There are just six contract schools in the state of Colorado, and five of them are located in Delta County. The Vision Home & Community Programs in Delta, the Surface Creek Valley and the North Fork, as well as North Fork Montessori and the Delta Academy of Applied Learning, operate under special waivers from the Colorado Department of Education.
One of those waivers — the requirement for highly qualified teachers as outlined in No Child Left Behind — has the state taking a closer look at the contract school model.
Amy Miller, director of the Surface Creek Vision program, said the CDE is looking specifically at teacher licensure. While not all Vision teachers are licensed, they have demonstrated "subject matter competency." That means a bachelor's degree and 24 hours in the content area they're teaching, explained assistant superintendent Kurt Clay.
North Fork Montessori and the Delta Academy of Applied Learning both have teachers who are considered highly qualified.
The state is also looking at the funding of Vision. In the past, the school district has received full funding for students who are primarily educated by their parents, with oversight from Vision. The school district retains 15 percent for providing insurance and a variety of services, from payroll to special education.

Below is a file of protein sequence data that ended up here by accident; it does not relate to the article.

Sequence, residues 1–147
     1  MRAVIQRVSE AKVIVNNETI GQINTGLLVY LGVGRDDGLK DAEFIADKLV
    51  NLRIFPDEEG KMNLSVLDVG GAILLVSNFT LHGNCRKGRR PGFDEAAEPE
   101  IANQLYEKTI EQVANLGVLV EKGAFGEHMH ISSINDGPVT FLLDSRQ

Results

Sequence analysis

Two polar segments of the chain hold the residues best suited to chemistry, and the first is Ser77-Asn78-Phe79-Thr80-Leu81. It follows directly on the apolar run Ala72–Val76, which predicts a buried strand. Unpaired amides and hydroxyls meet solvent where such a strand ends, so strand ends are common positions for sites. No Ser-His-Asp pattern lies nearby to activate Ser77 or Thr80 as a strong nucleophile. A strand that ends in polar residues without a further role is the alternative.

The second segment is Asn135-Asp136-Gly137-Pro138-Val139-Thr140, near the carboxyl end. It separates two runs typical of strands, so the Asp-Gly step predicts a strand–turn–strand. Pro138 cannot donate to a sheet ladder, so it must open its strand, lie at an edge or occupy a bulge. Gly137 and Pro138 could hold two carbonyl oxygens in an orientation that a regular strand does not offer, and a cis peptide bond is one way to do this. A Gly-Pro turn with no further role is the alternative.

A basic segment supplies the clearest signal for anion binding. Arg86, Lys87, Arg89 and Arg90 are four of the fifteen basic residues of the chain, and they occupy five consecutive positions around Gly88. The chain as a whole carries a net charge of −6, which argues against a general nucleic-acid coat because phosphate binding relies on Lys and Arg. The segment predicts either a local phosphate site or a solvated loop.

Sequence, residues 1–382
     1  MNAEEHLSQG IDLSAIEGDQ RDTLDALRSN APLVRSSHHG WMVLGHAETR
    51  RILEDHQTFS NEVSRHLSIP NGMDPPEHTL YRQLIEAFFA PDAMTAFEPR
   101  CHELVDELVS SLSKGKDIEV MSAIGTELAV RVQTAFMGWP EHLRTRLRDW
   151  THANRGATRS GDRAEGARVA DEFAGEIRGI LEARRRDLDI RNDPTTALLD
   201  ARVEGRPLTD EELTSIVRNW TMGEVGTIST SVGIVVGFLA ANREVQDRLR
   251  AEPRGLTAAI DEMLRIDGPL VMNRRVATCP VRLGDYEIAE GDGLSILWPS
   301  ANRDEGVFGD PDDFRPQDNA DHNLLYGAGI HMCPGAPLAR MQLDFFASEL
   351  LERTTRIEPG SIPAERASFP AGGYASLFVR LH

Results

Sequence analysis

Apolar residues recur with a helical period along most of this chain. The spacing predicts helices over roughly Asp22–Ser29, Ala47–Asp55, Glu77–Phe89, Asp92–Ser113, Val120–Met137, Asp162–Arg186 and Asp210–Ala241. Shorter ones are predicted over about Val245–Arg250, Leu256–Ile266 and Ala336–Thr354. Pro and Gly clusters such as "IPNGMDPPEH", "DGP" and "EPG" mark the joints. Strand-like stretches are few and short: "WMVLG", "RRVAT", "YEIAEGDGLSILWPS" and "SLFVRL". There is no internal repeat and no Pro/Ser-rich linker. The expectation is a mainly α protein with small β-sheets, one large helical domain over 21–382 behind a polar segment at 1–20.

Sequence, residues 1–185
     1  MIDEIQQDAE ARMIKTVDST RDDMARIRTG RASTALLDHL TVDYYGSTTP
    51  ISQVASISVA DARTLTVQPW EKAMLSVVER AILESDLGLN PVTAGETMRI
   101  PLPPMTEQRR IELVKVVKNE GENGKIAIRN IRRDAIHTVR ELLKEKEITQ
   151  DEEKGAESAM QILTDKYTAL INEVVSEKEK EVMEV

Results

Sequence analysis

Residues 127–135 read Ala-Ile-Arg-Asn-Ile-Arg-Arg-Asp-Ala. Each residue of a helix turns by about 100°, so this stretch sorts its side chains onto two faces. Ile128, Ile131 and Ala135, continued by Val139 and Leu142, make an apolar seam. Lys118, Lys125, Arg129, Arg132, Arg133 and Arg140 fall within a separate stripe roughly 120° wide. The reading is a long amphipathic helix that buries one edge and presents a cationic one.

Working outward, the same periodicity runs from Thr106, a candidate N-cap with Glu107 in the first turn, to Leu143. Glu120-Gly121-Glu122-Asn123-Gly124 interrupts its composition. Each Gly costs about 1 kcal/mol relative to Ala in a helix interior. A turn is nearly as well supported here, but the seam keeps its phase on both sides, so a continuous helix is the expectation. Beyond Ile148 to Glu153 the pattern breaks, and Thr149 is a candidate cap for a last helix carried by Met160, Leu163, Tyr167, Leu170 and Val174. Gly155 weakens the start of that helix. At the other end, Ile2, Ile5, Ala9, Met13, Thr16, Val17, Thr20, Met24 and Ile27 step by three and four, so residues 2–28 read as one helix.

To the state, contract schools are difficult to administer because they're in a gray area. On the other hand, charter schools are well defined by law — and that's the direction Vision Home & Community Program may be headed.
Clay and Miller agree there would be little change in the relationship between the school district and the Vision program.
"The biggest difference is the laws are clearer and it's easier to obtain waivers," Clay said. The school district has sole charter responsibility in Delta County, so a new contract could be very similar to the current arrangement, where a board of stewards oversees operation of the Vision schools.
With about 645 students, the Vision program accounts for roughly 12 percent of student enrollment districtwide.
Several Vision parents, stewards and staff members spoke at last week's school board meeting at Cedaredge Middle School. They emphasized time is of the essence, if conversion to a charter school is to be completed prior to the beginning of the 2013-14 school year.
School board members expressed support for the educational alternatives offered by Vision but said they're waiting for final word from the Colorado Department of Education before moving forward with the charter concept.
"As a leadership team and board, we do feel Vision offers a positive opportunity for our students," superintendent Caryn Gibson said.
After the meeting, Clay agreed it will take time to work out the details, but the process of gathering information has already begun. Once word is received from CDE, which should be this week, Vision's board of stewards and the Delta County board of education will have a clearer idea which direction will be best for Vision students.
While one parent wondered if the Vision Home & Community Program would even be in existence next year, Miller said she feels confident the Vision program will continue to operate either as a contract school or a charter school. "I believe the school board supports Vision," she said.blog comments powered by Disqus